The Four Biggest Recruiting Mistakes You Can Make As A Startup CEO

I’d have a lot of money if I could have a nickel for every mistake I’ve ever made. But if I could have a nickel for every recruiting mistake I’ve ever made, well, I’d have a fortune!

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The pressure to hire leads you to make mistakes. And the hiring mistakes can be killers.

I’ve made a list of the four biggest mistakes that CEOs make recruiting their team. And you know what? I’ve made all of these mistakes except for one of them.

Mistake Number One: Hiring “B” players instead of “A” players because you are under so much pressure to hire someone.

The thought process goes like this:

Hiring the wrong person can really bite you as your company gets bigger.

You’re growing fast, and your company has all these open positions to fill. And, if we don’t fill all of these positions, we’re not going to grow fast.

Mistake Number Two: Hiring people that don’t fit your culture.

Let’s talk about Bob. Bob’s a brilliant engineer. In fact, his skills are off the charts. But there’s a downside to working with Bob.

The odds are that Bob will not work out.

I’ve hired people like Bob before. And again, every single time I’ve hired someone like Bob it hasn’t worked out.

The message is simple: Stay disciplined. Pass on the troubled superstar no matter how much you think you need the person.

There’s always somebody else that fits your culture that can help you.

Mistake Number Three: Using recruiters to do the recruiting for you.

This is especially important at the start of a business. You know better than anyone else what you need when you are starting a business.

Mistake Number Four: Not checking references.

Always check references when you hire people. There are two types of references checks you want to do:

  1. Back door references. These are references you find on a potential employee.
  1. A boss reference. Someone they’ve worked for.
  2. An employee reference. Someone that’s worked for them.

We passed on the candidate because of the poor references.

Backdoor references. These are references that you are not given. Instead you use your network to find out about a potential new hire.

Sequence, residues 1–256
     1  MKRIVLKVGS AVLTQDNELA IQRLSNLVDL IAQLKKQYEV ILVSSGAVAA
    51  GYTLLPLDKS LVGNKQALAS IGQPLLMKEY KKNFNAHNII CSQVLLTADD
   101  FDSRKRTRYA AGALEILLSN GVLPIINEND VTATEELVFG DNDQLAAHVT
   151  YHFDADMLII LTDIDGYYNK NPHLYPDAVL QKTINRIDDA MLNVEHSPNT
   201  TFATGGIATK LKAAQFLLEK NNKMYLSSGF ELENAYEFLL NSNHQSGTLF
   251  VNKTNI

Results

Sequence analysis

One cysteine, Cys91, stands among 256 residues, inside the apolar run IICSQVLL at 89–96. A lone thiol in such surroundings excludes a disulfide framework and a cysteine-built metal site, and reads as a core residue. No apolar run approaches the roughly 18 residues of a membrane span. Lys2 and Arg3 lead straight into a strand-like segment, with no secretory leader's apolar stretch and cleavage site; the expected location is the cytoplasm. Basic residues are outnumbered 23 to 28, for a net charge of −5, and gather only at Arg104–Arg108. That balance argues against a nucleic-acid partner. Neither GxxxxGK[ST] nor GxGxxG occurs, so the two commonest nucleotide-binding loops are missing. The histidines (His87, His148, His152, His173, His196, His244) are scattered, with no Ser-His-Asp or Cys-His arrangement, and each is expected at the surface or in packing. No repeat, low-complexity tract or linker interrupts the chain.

Do one other thing before you talk to their references. Ask the potential hire, “What am I going to hear about you from your references?”

In fact, I’ve said to potential candidates, “I’d rather hear anything bad about you from you before I hear it from a reference.”

One more thing. You SHOULD interview the first 50 people you hire.

One of the things I did with any organization I ever ran was interviewing the first 50 employees we hired. I also had a new employee orientation meeting every month for the new employees we hired.

A. An early stage potential employee will want to meet you before they join your company.

It seems obvious. You’re the CEO, and candidates are going to want to pass judgement on you before joining your company.

B. You get to help close potential employees.

You’re answering the candidates questions, but you, as I said above, get to share your vision and convince the candidates why they should join your company.

C. You get to make sure the potential employees fit your culture.

Cultural fit, as I said in Mistake 2 above, is one of the most important indicators of a successful company. And hiring someone that doesn’t fit your culture, no matter how good they are, can really cause problems.

D. You get to know your potential employees names.

Until you hit Dunbar’s number of 150, you will likely be able to memorize the names of your employees. Interviewing the first 50 will give you a running start.

Summing it all up…Recruiting is one of the most important responsibilities, if not the most important responsibility, you have as a startup CEO.

You’re under intense pressure to hire the best, so you can’t afford making mistakes. Avoiding the mistakes of hiring B players, hiring people that don’t fit your culture, using recruiters to do the work you need to be doing, and not keeping the discipline of checking references will give you a much better chance of building a great team and a winning culture.

I work with startup CEOs to help them grow their businesses . I built several businesses from $0 to >$100M. Learn more at www.brettjfox.com

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